When we walked into the ER with Charley (twice) this week, all those memories flooded back. At Seattle Children’s, we literally parked next to the RV Caden and his family are living in (in Parking Lot 4) while Caden is being treated. They left from Montana months ago to come to the NW, and Caden hasn’t been home yet. We walked into the ER, Charley got an IV going, and we spent 8 hours figuring out what was wrong with him. He’s fine – he has a virus which is giving him a lot of pain and sores in his mouth and throat, so I guess not “fine”, but it should go away in the next day or two. It’s nothing long-term serious. As we sat on a hospital bed staring at a screen with Charley’s vitals displayed in blues and yellows and purples, Taylor Swift’s song was released at the Stand Up 2 Cancer event, we downloaded it like millions of other people, and remembered why everything is harder for us now.

Every nb kid I meet reminds me of Ezra. Every sunny day reminds me of the field our sons are buried in.

Some things are important. Like seeing the battles going on in people’s families and lives, and doing something about it. I’m tired of living like islands. I’m tired of extra-curricular activities consisting 99% of selfish things. Things that make you feel good. Studying. A church service. A dinner out. Drinks at your favorite spot. I love all those things, and I mean, I’m way more appreciative now than ever of a mountain top, fresh air, a good book, or those things that take our breath away – but by God, let’s put some passion into addressing the hurt we’re surrounded with, too. For Robyn and I it’s kids’ cancer. Maybe it is for you, too. Maybe it’s something else for you. But please, know the world is much larger than yourself, and work to help someone.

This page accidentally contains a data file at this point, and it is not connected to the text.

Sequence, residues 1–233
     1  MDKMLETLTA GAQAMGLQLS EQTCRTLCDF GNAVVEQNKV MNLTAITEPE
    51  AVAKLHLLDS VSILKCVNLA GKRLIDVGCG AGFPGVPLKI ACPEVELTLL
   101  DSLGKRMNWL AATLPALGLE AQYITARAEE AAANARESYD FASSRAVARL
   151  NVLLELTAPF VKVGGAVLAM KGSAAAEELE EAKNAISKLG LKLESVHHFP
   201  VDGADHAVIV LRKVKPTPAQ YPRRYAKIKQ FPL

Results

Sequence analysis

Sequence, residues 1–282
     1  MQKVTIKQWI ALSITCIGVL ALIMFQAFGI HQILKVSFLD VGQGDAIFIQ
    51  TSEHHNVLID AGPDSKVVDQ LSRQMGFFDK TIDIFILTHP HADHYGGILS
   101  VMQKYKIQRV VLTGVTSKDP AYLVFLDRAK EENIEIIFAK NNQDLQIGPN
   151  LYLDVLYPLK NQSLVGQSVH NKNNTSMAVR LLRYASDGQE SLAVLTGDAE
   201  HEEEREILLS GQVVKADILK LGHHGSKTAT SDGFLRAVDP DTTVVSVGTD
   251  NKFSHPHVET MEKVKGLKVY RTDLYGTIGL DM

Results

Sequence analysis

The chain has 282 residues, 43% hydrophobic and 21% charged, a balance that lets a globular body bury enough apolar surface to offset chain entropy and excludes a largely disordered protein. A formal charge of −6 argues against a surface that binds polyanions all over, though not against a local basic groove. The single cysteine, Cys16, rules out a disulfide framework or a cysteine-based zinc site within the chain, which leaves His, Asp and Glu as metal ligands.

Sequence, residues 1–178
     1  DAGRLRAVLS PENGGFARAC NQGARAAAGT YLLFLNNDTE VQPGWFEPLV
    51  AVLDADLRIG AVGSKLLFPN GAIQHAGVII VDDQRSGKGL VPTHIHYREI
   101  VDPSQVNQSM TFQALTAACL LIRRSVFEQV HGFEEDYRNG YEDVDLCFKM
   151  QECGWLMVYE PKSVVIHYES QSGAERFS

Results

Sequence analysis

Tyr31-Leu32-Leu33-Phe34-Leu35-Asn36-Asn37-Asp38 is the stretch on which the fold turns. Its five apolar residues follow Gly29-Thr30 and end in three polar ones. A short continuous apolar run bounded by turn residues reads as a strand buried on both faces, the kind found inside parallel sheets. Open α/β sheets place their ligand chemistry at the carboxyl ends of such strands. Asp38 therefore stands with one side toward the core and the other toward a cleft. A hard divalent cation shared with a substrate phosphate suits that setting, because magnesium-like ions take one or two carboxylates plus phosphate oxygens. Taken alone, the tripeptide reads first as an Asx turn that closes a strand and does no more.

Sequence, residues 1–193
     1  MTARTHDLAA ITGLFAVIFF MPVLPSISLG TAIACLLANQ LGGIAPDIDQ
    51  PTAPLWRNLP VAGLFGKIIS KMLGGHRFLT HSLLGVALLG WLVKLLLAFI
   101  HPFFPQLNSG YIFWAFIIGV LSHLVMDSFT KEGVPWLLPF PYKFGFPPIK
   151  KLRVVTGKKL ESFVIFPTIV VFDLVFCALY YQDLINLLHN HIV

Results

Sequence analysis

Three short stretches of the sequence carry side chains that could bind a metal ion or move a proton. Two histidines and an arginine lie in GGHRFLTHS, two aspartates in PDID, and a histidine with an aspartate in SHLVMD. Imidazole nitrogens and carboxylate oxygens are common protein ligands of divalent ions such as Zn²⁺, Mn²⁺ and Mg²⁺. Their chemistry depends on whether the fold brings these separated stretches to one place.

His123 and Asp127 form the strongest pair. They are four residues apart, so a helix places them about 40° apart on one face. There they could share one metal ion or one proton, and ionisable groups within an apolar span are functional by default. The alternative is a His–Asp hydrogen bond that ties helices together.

You guys are all part of the reason we’re still here. Thanks.

Our love…

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  1. Having a broken heart leads to much compassion, wisdom, and insight. Kyle, your blog is evidence that God is using your pain to impact others in a mighty way. Thank you for giving the wake up call to embrace life and serve others. Blessings to you and your precious family.

  2. The both of you are very special people! Ezra has effected us in so many ways…. Right now I am in Florida because my sweet neighbor just found out he has lung cancer and had surgery two weeks ago. I have been helping them out with anything I can and been there for moral support. It’s sad so sad because he is fighting right now for the 25% of life they gave him. (I hate the C word).

    My son and daughter in law are living in my home down here now. I sent them to your church. The church where we celebrated your son’s lives. The people greeted them and were very kind. They asked them how they heard about the church and they told them because of Ezra. :0) I hope they can hear you sing someday!